Delta variant spreads from double-vaxxed at same rate as those without jab

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  • "You may not be as protected from the Delta variant as hoped."

    There’s been concern about the Delta variant since it landed in the UK in April, and, worryingly, a new study may have found that it spreads just as quickly from double jabbed individuals as it does from those who haven’t been vaccinated.

    While you now don’t have to isolate if you’ve been double jabbed, the research, which was conducted by scientists at Oxford university, found that those who’ve double-jabbed and contracted the virus have similar peak levels in both their mouth and nose to people who haven’t been vaccinated at all.

    This means that it’s likely it’s just as easy for them to transmit it.

    Worried about the Covid vaccine and fertility, whether you can exercise after your vaccine, or Covid vaccine side effects? Our expert-led guides may help.

    Both the Oxford and Pfizer Coronavirus jabs have been found to offer personal protection from Covid – that is, if you contract it, you won’t suffer from as severe symptoms as your unvaccinated counterparts – but, interestingly, the findings indicate that if you test positive, you can pass on the infection just as easily.

    The UK has been rolling out its vaccination scheme since December, with 41 million fully vaccinated so far, according to stats from Our World In Data.

    It is now thought that scientists believed that the vaccines would offer greater protection against other strains, like the Delta variant.

    The Oxford university study observed the PCR tests of over 700,000 participants. All were chosen at random and analysed before and after May 17, 2021. This is when the Delta variant became the most dominant variant in the UK.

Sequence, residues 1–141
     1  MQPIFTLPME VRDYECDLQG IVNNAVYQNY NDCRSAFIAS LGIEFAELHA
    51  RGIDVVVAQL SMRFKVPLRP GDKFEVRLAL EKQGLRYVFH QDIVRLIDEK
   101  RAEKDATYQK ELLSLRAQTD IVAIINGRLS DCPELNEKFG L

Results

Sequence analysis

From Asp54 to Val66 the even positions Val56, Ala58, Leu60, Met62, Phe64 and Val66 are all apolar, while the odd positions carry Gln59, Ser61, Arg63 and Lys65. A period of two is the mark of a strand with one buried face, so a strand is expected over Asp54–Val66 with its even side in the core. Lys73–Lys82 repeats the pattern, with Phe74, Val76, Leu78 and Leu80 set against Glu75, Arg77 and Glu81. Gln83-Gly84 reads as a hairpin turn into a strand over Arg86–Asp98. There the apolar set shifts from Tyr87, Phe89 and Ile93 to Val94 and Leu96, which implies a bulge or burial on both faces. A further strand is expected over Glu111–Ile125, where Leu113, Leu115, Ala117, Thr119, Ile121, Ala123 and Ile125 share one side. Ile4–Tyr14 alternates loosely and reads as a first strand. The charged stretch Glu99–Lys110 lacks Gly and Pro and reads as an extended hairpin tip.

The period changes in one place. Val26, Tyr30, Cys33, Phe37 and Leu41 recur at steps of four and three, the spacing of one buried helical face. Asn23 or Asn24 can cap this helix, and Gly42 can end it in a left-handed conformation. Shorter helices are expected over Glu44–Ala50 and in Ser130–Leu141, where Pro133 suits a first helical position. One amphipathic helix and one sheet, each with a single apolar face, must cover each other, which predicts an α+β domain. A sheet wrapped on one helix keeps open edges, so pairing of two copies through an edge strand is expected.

Interestingly, the study found the Pfizer vaccine to be more effective than the Oxford against the Delta variant, however, its efficacy declines faster, too, making it hard to call which comes out tops.

    It’s important to note that the findings are yet to be peer reviewed, yet they do suggest that transmission rates of the Delta between vaccinated and unvaccinated individuals are similar.

    Sarah Walker, professor of medical statistics and epidemiology at Oxford University, is keen to point out that while the findings may indicate how transmission works, they aren’t conclusive, and still show that vaccination is key to protecting your health.

    She said: “We don’t yet know how much transmission can happen from people who get Covid-19 after being vaccinated – for example, they may have high levels of virus for shorter periods of time.”

    “But the fact that they can have high levels of virus suggests that people who aren’t yet vaccinated may not be as protected from the Delta variant as we hoped.”

    “This means it is essential for as many people as possible to get vaccinated – both in the UK and worldwide.”

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